Family, Crusty Stuff, and Church Pews

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The state flower of Tennessee is the iris and early May is iris time. Last weekend was beautiful at our place–irises blooming in the yard and all our children, their spouses, and grandchildren gathered inside.

Reunion Sunday 008

On Saturday night we sat around the dining table and enjoyed pigs in a blanket. Being Notgrasses, we played a history game called Chronology after the kids went to bed. An in-law, who will remain nameless, teased that it wasn’t fair to play that game because Ray would win. “That’s why I picked it,” he said, with tongue in cheek.

On Sunday morning we all squeezed into our usual church pew, where we praised God together. After church, we ate a big Sunday dinner and enjoyed one another.

Amazingly, every child took a nap at the same time, spread strategically around the house to keep them from waking each other up. Audra, Bethany, Mary Evelyn, and I chatted, cleaned up the kitchen, and sat down for more chatting.

John, Gregory, Nate, and Ray loaded up the van so John’s family and Ray and I could head north on Monday morning for the homeschool convention in Pennsylvania. When they finished, the adults enjoyed a family dessert classic, we call “crusty stuff.”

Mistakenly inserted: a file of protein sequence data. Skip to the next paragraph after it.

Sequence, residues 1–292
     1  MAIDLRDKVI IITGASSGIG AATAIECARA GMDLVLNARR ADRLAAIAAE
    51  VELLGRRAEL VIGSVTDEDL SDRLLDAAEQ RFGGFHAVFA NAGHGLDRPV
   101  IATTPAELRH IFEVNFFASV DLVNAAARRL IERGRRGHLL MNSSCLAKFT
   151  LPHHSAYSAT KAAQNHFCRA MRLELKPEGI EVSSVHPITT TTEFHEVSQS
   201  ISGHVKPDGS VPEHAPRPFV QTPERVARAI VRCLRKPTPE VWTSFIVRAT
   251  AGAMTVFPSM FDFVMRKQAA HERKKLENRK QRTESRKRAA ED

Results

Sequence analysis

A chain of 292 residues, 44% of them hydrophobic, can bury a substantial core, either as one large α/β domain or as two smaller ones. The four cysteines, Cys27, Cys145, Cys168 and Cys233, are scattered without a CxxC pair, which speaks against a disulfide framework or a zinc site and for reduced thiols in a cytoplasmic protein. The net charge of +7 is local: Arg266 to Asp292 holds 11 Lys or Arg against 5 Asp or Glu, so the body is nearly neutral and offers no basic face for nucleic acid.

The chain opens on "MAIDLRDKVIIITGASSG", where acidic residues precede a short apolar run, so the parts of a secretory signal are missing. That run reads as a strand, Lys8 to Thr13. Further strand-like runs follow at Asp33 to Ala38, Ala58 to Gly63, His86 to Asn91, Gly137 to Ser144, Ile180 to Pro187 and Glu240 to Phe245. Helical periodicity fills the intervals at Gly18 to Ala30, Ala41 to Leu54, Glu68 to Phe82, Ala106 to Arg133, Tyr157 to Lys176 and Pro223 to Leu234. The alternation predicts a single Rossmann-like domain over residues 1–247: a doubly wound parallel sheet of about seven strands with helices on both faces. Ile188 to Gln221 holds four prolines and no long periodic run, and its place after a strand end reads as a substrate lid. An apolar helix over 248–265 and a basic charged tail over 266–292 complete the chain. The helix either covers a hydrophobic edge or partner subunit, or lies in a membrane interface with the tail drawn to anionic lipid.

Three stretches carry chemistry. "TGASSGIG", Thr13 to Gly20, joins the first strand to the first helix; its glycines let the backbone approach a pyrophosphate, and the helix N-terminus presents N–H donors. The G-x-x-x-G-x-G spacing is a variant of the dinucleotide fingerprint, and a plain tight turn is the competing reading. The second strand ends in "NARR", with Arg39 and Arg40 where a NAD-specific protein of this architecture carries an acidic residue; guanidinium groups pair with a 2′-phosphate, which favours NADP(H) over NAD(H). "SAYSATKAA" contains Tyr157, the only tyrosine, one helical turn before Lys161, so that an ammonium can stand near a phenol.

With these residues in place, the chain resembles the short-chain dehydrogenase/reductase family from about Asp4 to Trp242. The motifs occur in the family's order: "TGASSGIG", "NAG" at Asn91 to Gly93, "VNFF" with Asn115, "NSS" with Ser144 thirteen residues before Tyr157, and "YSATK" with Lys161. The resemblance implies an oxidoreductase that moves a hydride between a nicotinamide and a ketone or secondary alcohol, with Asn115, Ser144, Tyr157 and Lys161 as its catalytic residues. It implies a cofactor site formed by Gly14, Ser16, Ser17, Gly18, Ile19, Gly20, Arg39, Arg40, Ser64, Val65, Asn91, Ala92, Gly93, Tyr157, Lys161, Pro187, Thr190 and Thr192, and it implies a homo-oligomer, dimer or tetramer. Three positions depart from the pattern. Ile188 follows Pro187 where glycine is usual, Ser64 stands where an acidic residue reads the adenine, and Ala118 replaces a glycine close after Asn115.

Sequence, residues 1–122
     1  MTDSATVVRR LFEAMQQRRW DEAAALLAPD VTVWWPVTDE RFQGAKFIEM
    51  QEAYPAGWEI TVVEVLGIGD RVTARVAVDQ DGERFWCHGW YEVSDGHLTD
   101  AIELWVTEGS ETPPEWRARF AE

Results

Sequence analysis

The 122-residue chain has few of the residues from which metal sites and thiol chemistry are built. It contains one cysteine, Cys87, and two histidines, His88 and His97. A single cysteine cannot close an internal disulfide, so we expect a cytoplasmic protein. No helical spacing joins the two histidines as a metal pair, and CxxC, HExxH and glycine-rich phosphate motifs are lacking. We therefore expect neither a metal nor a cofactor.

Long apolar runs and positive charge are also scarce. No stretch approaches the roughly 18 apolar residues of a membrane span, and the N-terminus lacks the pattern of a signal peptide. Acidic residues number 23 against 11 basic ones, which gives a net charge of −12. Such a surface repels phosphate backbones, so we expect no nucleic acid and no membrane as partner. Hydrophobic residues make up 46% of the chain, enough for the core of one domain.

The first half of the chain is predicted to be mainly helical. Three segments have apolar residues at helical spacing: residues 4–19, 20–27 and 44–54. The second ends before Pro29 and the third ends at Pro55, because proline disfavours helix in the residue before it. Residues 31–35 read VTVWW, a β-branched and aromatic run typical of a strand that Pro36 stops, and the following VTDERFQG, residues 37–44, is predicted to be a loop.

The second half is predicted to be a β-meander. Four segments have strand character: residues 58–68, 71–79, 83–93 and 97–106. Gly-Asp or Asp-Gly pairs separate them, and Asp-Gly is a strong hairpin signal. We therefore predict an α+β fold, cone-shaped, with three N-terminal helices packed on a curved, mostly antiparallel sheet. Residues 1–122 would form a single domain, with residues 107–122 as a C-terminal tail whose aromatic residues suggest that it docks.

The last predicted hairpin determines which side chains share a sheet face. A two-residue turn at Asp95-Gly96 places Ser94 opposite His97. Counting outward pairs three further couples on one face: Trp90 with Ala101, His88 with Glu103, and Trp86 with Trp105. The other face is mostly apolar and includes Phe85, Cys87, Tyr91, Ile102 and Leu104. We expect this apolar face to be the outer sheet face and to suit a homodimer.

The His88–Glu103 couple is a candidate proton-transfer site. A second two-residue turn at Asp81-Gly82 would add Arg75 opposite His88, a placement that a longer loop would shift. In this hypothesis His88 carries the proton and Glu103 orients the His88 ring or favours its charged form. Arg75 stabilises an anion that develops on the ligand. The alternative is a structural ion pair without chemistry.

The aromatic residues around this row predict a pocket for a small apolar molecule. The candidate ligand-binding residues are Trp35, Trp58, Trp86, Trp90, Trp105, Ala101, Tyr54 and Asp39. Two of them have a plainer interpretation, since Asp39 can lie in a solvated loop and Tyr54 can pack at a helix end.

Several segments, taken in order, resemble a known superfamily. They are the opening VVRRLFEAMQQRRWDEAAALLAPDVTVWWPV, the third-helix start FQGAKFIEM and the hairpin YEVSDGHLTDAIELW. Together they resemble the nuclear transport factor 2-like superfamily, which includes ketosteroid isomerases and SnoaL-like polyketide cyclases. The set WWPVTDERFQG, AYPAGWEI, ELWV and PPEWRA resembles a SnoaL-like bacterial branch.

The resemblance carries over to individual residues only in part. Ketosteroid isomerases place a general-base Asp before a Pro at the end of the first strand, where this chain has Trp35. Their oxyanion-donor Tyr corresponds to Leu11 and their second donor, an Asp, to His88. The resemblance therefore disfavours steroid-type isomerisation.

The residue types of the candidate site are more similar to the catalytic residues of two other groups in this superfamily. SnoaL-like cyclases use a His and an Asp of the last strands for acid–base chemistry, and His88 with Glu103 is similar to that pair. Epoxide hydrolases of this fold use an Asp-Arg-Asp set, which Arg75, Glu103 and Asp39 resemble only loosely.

Everyone made their own sundaes, using plain yogurt, maple syrup, blueberries, raspberries, and homemade “crusty stuff.” A couple of days before, I had thrown my “crusty stuff” ingredients that were currently in the pantry and refrigerator into the food processor: almonds, dates, pecans, coconut, a little butter, and a bar of dark chocolate. It is rarely the same two times in a row.

In the late afternoon, we gave “until next time” hugs. Then it was time for Ray and me to be grateful for the joy of something we know is not possible for every family–three generations talking together, eating together, playing together, working together, having fun together, and the pinnacle, sitting on the pew together. We are grateful that God blessed us all with the opportunity and that our children and their spouses made the decisions necessary to make it happen.

In Colossians, Paul spoke of what he wanted for the churches in Colossae and Laodicea. He cared about their relationships with God and with one another. That is what we parents want for the members of our families, too.

That their hearts may be encouraged,
having been knit together in love,
and attaining to all the wealth that comes
from the full assurance of understanding,
resulting in a true knowledge of God’s mystery,
that is, Christ Himself,
in whom are hidden all the treasures
of wisdom and knowledge.
Colossians 2:2-3, NASB



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